Working With SHARE

SHARE is the Sheridan Hollow Alliance for Renewable Energy

SHARE seeks to convert the Capitol complex (Capitol, Empire State Plaza, and other nearby state facilities) to 100 percent renewable energy.  In addition to reducing greenhouse gas and other emissions, locally and as a shining example of what needs to be done throughout the state, this transition will finally address a major environmental injustice in Albany's Sheridan Hollow neighborhood.


For over a hundred years, the neighborhood has been burdened by pollution from facilities on Sheridan Avenue that have burned coal, oil, gas, and even garbage to pump steam through a tunnel to heat and cool the Capitol complex. With initial and ongoing participation by Albany UU members, SHARE was organized in 2017 after the state announced a plan that would have increased pollution in the Sheridan Hollow neighborhood even further, by adding two massive gas turbines to produce both heat and electric power for the Capitol complex.

Graphic showing Power/Steam Plant polluting Sheridan Hollow to benefit Empire State Plaza

SHARE stronglyand successfully! (see below)opposed the states plan with activism, community outreach, and scientific analysis that exposed its flaws.

But theres much more to be done. SHARE is doing a number of activities to mobilize community members and climate activists to push the Governor and the Legislature to pass the Renewable Capital Act (see below). The GST has signed on to a letter SHARE prepared that encourages Governor Hochul to include the act in her next Executive Budget. When SHARE more widely releases the letter in a press conference, Albany UU members will be asked to show support at the event. Stay tuned!

A side benefit to Albany UU members of working with SHARE is establishing useful relationships with state legislators and agency officials, local government officials, and community leaders.


More about SHARE and Albany UU member involvement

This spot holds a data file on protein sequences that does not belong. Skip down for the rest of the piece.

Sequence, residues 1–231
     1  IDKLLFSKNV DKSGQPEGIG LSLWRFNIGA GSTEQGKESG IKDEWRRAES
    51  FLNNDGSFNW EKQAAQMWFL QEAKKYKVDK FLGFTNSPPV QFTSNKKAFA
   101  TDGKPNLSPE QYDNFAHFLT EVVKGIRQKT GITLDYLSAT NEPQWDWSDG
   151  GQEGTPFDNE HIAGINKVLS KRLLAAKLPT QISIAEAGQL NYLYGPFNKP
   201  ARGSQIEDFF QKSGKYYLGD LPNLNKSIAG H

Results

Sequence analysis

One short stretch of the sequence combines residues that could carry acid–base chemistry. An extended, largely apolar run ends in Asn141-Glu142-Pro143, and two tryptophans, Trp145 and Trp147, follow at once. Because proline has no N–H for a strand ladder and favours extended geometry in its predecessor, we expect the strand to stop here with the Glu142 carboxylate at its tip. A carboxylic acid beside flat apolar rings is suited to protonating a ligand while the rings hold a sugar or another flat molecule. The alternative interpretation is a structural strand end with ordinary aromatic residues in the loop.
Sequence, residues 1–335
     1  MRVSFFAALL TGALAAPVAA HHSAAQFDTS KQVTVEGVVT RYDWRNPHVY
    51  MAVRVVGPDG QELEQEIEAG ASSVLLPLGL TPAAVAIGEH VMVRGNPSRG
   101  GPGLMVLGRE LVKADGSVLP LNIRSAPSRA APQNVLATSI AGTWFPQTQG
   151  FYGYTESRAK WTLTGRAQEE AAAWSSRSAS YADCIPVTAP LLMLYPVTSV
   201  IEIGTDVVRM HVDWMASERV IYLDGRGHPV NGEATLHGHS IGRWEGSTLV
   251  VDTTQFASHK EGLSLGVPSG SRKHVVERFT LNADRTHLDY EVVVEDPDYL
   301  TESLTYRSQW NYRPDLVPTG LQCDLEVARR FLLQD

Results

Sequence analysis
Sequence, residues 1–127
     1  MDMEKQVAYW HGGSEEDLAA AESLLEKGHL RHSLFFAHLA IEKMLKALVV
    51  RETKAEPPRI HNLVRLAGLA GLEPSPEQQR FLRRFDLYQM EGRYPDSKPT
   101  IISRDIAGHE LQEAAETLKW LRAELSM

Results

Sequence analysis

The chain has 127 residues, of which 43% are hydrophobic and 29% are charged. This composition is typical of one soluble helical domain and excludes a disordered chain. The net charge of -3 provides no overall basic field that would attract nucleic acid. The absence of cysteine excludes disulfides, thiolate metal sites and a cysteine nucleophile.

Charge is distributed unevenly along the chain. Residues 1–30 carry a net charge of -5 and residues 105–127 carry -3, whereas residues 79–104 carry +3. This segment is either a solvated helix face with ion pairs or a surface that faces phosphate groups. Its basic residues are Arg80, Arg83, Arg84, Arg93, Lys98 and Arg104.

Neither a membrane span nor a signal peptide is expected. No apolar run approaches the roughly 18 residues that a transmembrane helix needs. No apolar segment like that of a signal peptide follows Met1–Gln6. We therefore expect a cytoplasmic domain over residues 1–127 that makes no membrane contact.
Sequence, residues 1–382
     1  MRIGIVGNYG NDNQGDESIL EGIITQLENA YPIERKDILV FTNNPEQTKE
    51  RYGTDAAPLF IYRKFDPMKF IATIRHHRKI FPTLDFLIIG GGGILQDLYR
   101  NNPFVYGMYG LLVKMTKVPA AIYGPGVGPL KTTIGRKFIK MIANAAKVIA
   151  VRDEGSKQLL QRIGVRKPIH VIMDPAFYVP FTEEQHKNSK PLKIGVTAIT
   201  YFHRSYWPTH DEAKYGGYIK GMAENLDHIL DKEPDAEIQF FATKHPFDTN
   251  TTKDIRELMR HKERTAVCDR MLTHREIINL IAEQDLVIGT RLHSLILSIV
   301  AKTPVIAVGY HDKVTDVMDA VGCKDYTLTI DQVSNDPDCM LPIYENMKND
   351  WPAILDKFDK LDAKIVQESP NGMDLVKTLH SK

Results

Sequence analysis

Following SHAREs initial organization and activism, Albany UU’s Board of Trustees voted to endorse SHARE in October 2017. In 2018, SHARE activism helped persuade the state to pause the fossil fuel project schedule in February and to meet with geothermal experts in April.  In response to SHARE’s Freedom of Information requests, the state admitted it had done no analysis of renewable energy alternatives to its plan.  SHARE worked with state legislators, resulting in redirecting the plan’s funding allocation toward a system that would operate to the extent possible on renewable energy. All mentions of fossil fuels in previous versions of the budget bill were eliminated.

Photo of SHARE activists, including several GST members, demonstrating in front of Steam Plant.

The December 9, 2018 Sunday service at Albany UU included a Give-Away-the-Plate for SHARE. Merton Simpson, Albany County Legislator for the district that includes Sheridan Hollow, spoke about both the climate change and the environmental justice issues of the proposed power plant, and the congregation responded generously in support of SHARE.

In July 2019, the SHARE science team issued a comprehensive report showing the feasibility of meeting energy needs of the Capitol complex without fossil fuels.

Graphic showing two gas turbines with large X's over them.

Finally, in September, 2019, the state announced it was abandoning its plan for the two massive fossil-fuel turbines in Sheridan Hollow, a major victory for SHARE. Also announced were several significant, but incomplete, steps toward powering the Capitol complex with renewables.

The key to conversion to one hundred percent renewable energy, and finally enabling shutdown of the steam boilers polluting Sheridan Hollow, is heating and cooling the Capitol complex with geothermal energy. Rather than burning fossil fuels to create heat, a geothermal system retrieves heat from air, ground, or water sources and compresses it. The process also works in reverse for cooling.

Photo showing the state legislators and SHARE members at a press conference in the Capitol.

SHARE has worked with state legislators Pat Fahy, John McDonald, and Neil Breslin to introduce and promote the Renewable Capital Act, which requires that all operations that power, heat and cool the Capitol complex must be run on renewable energy systems, such as wind, solar, geothermal, and hydro. Although the RCA gained many sponsors in the Assembly and Senate, unfortunately it was not brought to a vote in either the 2022 or 2023 legislative sessions.

In November 2022, SHARE co-leaders Ruth Foster and Merton Simpson presented a public forum highlighting the Renewable Capitol Act at Albany UU, hosted by the Green Sanctuary Team. They also discussed SHARE’s environmental justice goals within the community, including shutdown of the gas-powered Sheridan Avenue Steam Plant and, joined in the forum by local geothermal expert John Ciavacco, deploying district geothermal, an approach to heating and cooling that can stretch across many homes and businesses.

Graphic including photo of Steam Plant area in Sheridan Hollow with caption, "Local EJ Action for a Climate in Crisis."

There is much more information about these goals and activities on SHARE's website,